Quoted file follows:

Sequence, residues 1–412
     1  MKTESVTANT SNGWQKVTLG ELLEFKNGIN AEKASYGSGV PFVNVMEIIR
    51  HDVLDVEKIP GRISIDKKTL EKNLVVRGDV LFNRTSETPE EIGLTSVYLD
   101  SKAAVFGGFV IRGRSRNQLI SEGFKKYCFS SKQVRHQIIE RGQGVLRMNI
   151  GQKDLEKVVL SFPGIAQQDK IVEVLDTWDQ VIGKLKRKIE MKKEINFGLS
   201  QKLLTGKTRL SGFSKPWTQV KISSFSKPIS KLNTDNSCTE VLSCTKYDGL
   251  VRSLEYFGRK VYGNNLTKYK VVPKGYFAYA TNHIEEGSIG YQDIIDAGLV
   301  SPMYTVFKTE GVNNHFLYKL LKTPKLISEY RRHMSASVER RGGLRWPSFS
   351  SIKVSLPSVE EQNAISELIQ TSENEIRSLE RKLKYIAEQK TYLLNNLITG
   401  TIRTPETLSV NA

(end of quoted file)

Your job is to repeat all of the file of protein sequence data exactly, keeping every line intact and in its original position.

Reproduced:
Sequence, residues 1–412
     1  MKTESVTANT SNGWQKVTLG ELLEFKNGIN AEKASYGSGV PFVNVMEIIR
    51  HDVLDVEKIP GRISIDKKTL EKNLVVRGDV LFNRTSETPE EIGLTSVYLD
   101  SKAAVFGGFV IRGRSRNQLI SEGFKKYCFS SKQVRHQIIE RGQGVLRMNI
   151  GQKDLEKVVL SFPGIAQQDK IVEVLDTWDQ VIGKLKRKIE MKKEINFGLS
   201  QKLLTGKTRL SGFSKPWTQV KISSFSKPIS KLNTDNSCTE VLSCTKYDGL
   251  VRSLEYFGRK VYGNNLTKYK VVPKGYFAYA TNHIEEGSIG YQDIIDAGLV
   301  SPMYTVFKTE GVNNHFLYKL LKTPKLISEY RRHMSASVER RGGLRWPSFS
   351  SIKVSLPSVE EQNAISELIQ TSENEIRSLE RKLKYIAEQK TYLLNNLITG
   401  TIRTPETLSV NA